Content Clauses can also be introduced by zed. For example:

- zed Ebith he-num hamami virozath - I know that Ebith bought the house.

[edit] [top]Definiteness, articles and demonstratives

 Egeriac has a definite article he-, the definite article does not decline according to number, case, etc. The use of the definite article is similar to that of English, it is used to indicate something mentioned before, the sole object in a given context, the object known by both of the speaker and the listener, an object whose existence is unique and a system or a service.

The definite article is often cliticized as a part of the noun, and it becomes h- when preceding a word starting with a vowel. For example:
- he-num /hɛnum/ - the house
- he-qen /hɛχɛn/ - the dog
- h-an /hɑn/ - the person

Besides, there's an indefinite article na-, like the definite article, the indefinite article does not decline according to number, case, etc. The indefinite article is used to refer to something for the first time or to refer to a particular member of a group or class.

Like the definite article, the indefinite article is often cliticized as a part of the noun, and it becomes n- when preceding a word starting with a vowel. For example:
- na-num /nɑnum/ - a house
- na-qen /nɑχɛn/ - a dog
- n-an /nɑn/ - a person

 Egeriac also has demonstratives, demonstratives agree with the head noun in numbers, nouns used with demonstratives are seen as definite.

Below are the demonstratives:
- this: ti
- that: yo
- these: tith
- those: yoth
- here: tin
- there: yon

Demonstratives can be used to modify nouns. For example:
- ti num - this house
- yo num - that house
- ti an - this person
- yo an - that person
- tith nawmot - these houses
- yoth nawmot- those houses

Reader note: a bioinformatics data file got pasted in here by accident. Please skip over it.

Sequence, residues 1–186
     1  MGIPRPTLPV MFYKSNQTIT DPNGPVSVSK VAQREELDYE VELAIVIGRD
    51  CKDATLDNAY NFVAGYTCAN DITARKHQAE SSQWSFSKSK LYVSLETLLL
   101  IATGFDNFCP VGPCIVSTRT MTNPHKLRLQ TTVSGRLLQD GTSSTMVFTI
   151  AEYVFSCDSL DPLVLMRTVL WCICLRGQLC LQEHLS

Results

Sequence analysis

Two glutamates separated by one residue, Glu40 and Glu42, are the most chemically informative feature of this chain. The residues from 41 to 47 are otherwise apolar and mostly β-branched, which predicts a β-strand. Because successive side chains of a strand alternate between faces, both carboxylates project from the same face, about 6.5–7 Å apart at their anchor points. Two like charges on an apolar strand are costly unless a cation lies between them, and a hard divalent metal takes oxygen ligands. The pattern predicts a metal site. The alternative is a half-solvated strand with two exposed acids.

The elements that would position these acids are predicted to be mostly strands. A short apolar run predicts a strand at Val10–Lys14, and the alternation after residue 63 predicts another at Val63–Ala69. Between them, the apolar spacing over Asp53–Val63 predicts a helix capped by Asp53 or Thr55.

- tith annoth - these persons
- yoth annoth - those persons

Demonstratives can also be used as independent pronouns. For example:
- ti na-num - this is a house
- yo papin - that is my father
- tith qentin - these are my dogs
- yoth nawmti Ebith - those are Ebith's houses

Some other indefinite demonstratives:
- any: anval
- each, every: imval
- none: men
- all: val

[edit] [top]Pronouns

Like nouns, personal pronouns in  Egeriac does not distinguish gender or case. Below are the personal pronouns:
- 1st sg: ni
- 2nd sg: mi
- 3rd sg: ki
- 1st pl: neth
- 2nd pl: meth
- 3rd pl: heth
Personal pronouns are usually omitted except when emphasizing, and verbal agreements are usually used to indicate the person when they are the subject and the object of a verb or the object of preposition.

Below are the demonstratives and articles:
- this: ti
- that: yo
- these: tith
- those: yoth
- here: tin
- there: yon
- the: he/h'-
- a/an: na/n'-
- that(complementizer): zed

Below are the interrogatives:
- who: mar
- what: man
- which: maz
- how many/how much: maza
- where: manezed
- when: makex
- how: mach
- why: mal

Indefinite pronouns are formed by using the word an "person" and zen "thing". Below are the indefinite pronouns: